To grow inwardly or outwardly means that the Pictures artists would have had to resort to conventions and contents well beyond the critique and emulation of media and signage. They could only appropriate and recontextualize pictures referencing the codifcation and structure of pictures and the performance of making pictures, not simply make pictures of the world outside this process. To do more meant that they either became conventional painters, photographers, advertisers or scientists. Some of the Pictures artists--Charlesworth, Sherman, Levine and Prince especially--made brilliant variations on essentially one theme, though their capacities for convention within such theoretical confines had as much to do with their proclivity for aestheticism as with pointing viewers to the cultural codes that discreetly, if not unconsciously, inform and condition whole populations to the modes of behavior culturally prescribed and proscribed from above.

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Jack Goldstein, in film, audio art, and outsourced painting, and Gretchen Bender in single-channel video and multi-channel installation art, stopped short of taking pictures to their reductivist conclusion by making branding the object of their analytical sights. But neither were the first to chart out the structures they use to isolate and extrapolate brands. Goldstein is heavily indebted to Warhol, Ono, Snow, Frampton and Sharits--structural filmmakers who foregrounded the medium of film by making the frame, the filmstrip, the projection, its light, and the passage of time their subjects. Goldstein uses the same formal strategies, but to place stress on the pictorial signage or brand projected, not the medium projecting.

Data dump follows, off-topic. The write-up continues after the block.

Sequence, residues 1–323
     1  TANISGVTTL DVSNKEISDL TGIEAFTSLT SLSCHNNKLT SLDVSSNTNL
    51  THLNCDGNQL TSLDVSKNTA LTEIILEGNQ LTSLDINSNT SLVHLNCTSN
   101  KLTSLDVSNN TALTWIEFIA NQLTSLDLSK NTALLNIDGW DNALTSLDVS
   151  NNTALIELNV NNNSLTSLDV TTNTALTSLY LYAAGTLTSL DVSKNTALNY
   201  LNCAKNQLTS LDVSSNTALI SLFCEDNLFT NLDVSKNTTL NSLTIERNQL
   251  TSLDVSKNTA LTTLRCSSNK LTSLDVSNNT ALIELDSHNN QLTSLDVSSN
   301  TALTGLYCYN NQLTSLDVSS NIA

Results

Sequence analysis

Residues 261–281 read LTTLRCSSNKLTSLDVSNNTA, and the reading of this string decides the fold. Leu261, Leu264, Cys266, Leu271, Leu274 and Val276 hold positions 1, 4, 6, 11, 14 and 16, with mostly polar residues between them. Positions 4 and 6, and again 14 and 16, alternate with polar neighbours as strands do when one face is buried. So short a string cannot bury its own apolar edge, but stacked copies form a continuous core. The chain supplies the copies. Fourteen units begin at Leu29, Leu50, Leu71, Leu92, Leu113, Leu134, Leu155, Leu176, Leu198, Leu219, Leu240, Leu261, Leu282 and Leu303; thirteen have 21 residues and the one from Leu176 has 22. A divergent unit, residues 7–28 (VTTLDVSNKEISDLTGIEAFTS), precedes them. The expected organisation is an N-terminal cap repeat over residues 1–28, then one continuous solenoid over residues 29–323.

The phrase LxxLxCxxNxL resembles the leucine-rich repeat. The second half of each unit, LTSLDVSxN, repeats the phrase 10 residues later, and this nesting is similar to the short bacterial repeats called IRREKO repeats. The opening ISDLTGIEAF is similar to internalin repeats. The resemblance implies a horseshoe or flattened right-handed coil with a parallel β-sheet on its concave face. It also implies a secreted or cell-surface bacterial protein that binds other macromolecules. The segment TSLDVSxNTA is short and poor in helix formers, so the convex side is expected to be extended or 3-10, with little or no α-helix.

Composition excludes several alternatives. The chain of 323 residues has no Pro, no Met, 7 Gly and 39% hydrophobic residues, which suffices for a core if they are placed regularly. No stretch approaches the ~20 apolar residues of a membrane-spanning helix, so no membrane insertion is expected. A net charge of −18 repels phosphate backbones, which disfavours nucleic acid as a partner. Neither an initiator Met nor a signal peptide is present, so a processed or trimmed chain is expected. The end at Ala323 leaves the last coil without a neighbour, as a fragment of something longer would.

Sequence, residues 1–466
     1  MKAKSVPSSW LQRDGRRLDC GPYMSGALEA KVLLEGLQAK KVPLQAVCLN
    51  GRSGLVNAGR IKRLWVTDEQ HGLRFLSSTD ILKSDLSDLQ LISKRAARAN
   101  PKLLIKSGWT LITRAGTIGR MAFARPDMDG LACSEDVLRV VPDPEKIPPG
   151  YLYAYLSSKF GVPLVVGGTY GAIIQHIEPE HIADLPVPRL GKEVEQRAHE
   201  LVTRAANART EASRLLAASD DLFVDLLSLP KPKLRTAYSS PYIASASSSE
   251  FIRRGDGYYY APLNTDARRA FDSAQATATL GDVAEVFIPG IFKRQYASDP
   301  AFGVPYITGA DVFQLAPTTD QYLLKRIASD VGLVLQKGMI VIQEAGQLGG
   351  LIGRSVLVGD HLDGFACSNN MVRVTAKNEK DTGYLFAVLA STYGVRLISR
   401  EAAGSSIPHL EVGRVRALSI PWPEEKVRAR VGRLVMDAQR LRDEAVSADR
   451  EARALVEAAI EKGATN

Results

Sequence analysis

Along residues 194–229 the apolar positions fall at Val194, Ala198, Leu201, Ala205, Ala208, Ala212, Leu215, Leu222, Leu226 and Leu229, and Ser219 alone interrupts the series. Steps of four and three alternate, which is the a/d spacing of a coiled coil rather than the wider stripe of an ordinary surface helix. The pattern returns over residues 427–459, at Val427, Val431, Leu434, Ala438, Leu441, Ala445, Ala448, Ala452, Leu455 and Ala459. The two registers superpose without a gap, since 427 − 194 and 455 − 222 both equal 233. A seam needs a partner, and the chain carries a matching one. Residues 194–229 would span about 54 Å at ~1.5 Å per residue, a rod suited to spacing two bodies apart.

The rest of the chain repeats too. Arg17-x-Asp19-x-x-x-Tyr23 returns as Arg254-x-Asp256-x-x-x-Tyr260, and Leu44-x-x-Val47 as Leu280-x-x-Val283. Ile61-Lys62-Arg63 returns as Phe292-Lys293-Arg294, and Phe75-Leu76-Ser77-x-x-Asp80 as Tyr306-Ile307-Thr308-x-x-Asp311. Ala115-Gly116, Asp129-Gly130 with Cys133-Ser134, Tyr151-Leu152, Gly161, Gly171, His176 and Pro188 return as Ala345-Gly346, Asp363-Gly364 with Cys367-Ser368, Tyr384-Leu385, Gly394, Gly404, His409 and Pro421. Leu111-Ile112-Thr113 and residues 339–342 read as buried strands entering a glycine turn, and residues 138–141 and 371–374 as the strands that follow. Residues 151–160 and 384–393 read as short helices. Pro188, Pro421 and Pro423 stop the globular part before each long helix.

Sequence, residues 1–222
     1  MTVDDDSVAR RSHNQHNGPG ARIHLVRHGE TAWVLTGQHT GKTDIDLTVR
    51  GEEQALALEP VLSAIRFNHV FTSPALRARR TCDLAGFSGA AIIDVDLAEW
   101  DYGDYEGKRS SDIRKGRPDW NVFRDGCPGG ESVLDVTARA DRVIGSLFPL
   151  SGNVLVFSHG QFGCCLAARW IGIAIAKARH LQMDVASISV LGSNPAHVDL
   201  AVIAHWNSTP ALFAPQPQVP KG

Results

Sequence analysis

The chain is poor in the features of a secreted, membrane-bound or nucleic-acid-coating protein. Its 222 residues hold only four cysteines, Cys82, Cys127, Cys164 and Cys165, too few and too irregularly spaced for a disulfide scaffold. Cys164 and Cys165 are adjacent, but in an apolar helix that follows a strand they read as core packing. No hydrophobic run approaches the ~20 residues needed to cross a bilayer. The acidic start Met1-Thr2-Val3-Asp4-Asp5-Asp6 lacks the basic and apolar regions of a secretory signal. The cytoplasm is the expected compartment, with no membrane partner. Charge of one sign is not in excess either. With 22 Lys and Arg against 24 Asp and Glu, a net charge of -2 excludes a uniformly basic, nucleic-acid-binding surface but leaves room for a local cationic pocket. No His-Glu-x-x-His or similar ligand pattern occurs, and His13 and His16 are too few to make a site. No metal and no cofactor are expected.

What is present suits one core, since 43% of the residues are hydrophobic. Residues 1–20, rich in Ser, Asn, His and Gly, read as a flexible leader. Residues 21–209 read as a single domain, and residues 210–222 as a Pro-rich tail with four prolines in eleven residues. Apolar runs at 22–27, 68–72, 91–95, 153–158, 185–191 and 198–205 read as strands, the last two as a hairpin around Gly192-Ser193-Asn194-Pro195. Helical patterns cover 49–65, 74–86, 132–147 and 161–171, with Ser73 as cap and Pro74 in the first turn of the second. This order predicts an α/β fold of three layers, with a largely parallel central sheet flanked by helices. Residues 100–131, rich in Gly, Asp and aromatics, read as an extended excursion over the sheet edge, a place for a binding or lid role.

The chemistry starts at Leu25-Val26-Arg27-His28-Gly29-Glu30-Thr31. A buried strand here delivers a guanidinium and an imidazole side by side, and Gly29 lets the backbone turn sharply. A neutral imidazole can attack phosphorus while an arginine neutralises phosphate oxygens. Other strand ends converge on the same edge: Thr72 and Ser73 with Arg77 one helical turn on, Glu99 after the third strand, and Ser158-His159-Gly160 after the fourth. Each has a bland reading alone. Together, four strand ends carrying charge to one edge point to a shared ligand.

Bender's video, including the tiered installations some writers have mistaken to be her innovation, are equally indebted to the electronic brood of structuralists: to Nam June Paik, Woody and Steina Vasulka, Ira Schneider and Frank Gillette, Valie Export, Gary Hill and Dara Birnbaum. Similarly, the work of Kit Fitzgerald and John Sanborn, and a myriad of music video directors and editors inform Bender's single channel audio and video collaborations with Robert Longo.

But Bender's installations Wild Dead (1984) and Total Recall (1987) achieve a structural and temporal coherence despite their deployment of such stratagems as network and institutional dismantling and image barrage. If these strategies seem dated, it is in part because video has extreme media limitations in terms of its hardware presentation, and in part because of Bender's recourse to reductivist and repetitive imagery. Video art is so encumbered by media restraints, that for this viewer, walking into The Kitchen this week recalled the 1990 Whitney Museum exhibition, Image World: Art and Media Culture, composed as it was of the electronic barrage of some 65 artists and groups. It was one of the shows that had neglected Bender while supporting the careers of less elegant artists. I raise this not to belittle Bender, but to summarize the difficulty she and other video artists who entered the medium in the mid 1980s faced--a time when the structuralist, poststructuralist and deconstructive critiques of mainstream media and the circularity of media imagery passing between the artworld and popular culture all seemed to have been well used if not exhausted.

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There is also the all-too-close alignment of Bender with commercial music videos that keeps her from being fully appreciated, especially as the younger audiences who have since matured were acclimated to MTV as infants. Bender may have promoted her work as dismantling genre cliches, but she ends up appearing to relish the cliches more than deconstructing them, while relying heavily on the anarchist associations of punk and post punk music and dwelling too lovingly on the performances of rock musicians to take less cliched and reductivist measures required by the mid 1980s to transcend musical and network conventions. Of course, by the late 1980s, the jargon of deconstruction theory was choking, rather than supporting, the practices of artists. The trouble with popular waves of theory is that when audiences reach the saturation point of the theory in question, the jargon associated with it, along with the artistic echoing of such jargon, seem to spoil overnight.